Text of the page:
The next film, When Comedy was King, was just as hilarious. This time the Charlie Chase film Movie Night is used as a framing sequence to present the clips, which is a good idea and works very well. This time some of the bigger names in silent film are featured, and the movie starts off with some of Charlie Chaplin's work that he did while he was at Keystone. There's the famous snippet from 1914's Kid Auto Races at Venice where Chaplin first tries on the big shoes, tight pants, and a cane that he would eventually turn into "The Tramp" as well as other clips from his early days in film. These aren't Chaplin's best bits, but Youngson didn't have access to Chaplin's features and other shorts.
Buster Keaton gets a section in this film. His funniest short, Cops, is shown nearly in its entirety. This laugh-out-loud funny picture has Buster accidentally throwing a bomb at the mayor during a police parade. With the entire force after him, it's up to Keaton's nimble body and mind to outsmart and out think the coppers. It's interesting to note that during this short Youngson names Keaton as one of the three great comic talents of the silent age. While that's not surprising at all, the fact that Harry Langdon is on the list along with Charlie Chaplin is.
Once again Laurel and Hardy steal the film with an extended clip (nearly complete as far as I can tell) from Big Business. This is the film where the boys are door-to-door Christmas tree salesmen (as if that wasn't absurd enough in and of itself...) who get into a battle with James Finlayson when he snubs them. Like with Two Tars, the violence escalates at a rapid pace until Finlayson's house lay in ruins. One interesting note about this short: The story may be apocryphal, but according to Hollywood legend, Roach made an agreement to film this movie at a house that was going to be demolished. They let loose breaking windows and generally trashing the place and it wasn't until the homeowner arrived that they discovered that they were at the wrong house.
Like the first film, this one is filled with laughs and some classic
slapstick. (I loved the Snub Pollard clips...he deserved more recognition.)
Together these films are a great introduction to the world of silent comedy.
The full frame video quality was very good over all. Youngson had access to the Hal Roach vaults and most of the clips look great. The contrast is superb, the image sharp, and the level of detail excellent. The blacks are generally solid and there isn't any blooming and details don't disappear when a shadow falls over someone. Yes, there is some print damage to some of the films, spots and the occasional scratch, and one segment, a Will Rogers clip, had started to deteriorate just slightly but these were fairly rare, especially when taking into consideration that this film was compiled before computer restoration was even a valid concept, much less a reality.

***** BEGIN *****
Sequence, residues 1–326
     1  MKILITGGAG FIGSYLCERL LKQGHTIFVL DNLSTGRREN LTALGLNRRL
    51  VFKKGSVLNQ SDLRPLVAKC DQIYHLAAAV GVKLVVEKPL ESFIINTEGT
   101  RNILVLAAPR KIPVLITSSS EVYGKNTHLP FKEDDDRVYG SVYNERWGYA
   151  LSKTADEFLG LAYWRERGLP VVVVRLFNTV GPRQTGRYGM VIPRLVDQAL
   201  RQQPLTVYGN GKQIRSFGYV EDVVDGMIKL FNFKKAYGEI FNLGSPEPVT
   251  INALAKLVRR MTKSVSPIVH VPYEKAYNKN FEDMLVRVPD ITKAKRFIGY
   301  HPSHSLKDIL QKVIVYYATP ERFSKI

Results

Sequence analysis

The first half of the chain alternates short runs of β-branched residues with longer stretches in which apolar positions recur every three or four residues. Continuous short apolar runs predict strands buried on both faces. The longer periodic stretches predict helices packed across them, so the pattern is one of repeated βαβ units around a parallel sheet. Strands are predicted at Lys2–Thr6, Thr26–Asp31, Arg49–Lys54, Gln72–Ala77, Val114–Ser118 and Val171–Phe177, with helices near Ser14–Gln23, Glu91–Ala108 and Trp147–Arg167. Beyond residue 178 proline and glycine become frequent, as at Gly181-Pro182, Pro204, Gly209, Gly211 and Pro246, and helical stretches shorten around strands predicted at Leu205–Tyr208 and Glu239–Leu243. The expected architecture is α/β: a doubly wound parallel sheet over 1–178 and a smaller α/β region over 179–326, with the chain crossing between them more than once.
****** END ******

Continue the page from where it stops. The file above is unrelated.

There are some slight digital artifacts in the films. There's a touch of dot crawl on the opening titles to both films, but it is very minor. In the second feature there is a problem with digital noise however. This is most notable in the wide shots of the theater screen that opens each chapter of the film. The walls jiggle and move like they are alive. Though it is present in several spots, it never gets to be a distraction.
Since the image looked so good, I was surprised at the mediocre quality of the audio tracks. Granted these were recorded nearly 50 years ago, but I was expecting a bit more. The two channel mono soundtracks to both films had very little range with both the highs and lows being clipped. This was most evident in the music that accompanied the shorts. What's worse is that there was distortion in more than one scene with the narrator's voice cracking and words sounding slurred. In all probability this was on the master that was used for the transfer, but it's still unfortunate.
I was really disappointed that there weren't any extras on this disc. A couple of silent shorts featuring Billy Bevan or Ben Turpin would have been great.
These two films went a long way towards keeping silent comedy, and silent comedians, alive through the sixties and seventies. Filled with hilarious slapstick, these are both great films that give a great overview of some of the many comic stars from the early days of film. Not just focusing on Keaton, Chaplin, and Laurel and Hardy, there are also clips from many lesser known but nearly as talented clowns as Snub Pollard, Harry Langdon, Billy Bevan, Andy Clyde, and Ben Turpin. A great collection that is well worth the price of admission. Highly Recommended.
On October 6th, 1927 the death knell of silent films was sounded. On that date the first feature film with synchronized dialog was released: Warner Brothers' The Jazz Singer. Had the film been a flop, talkies may have been pushed back a few more years, but it was a hit and soon all the major studios were rushing to release sound films. Of course the change didn't happen over night, and it took years to covert theaters over to sound (especially in the middle of the US) but the writing was on the wall.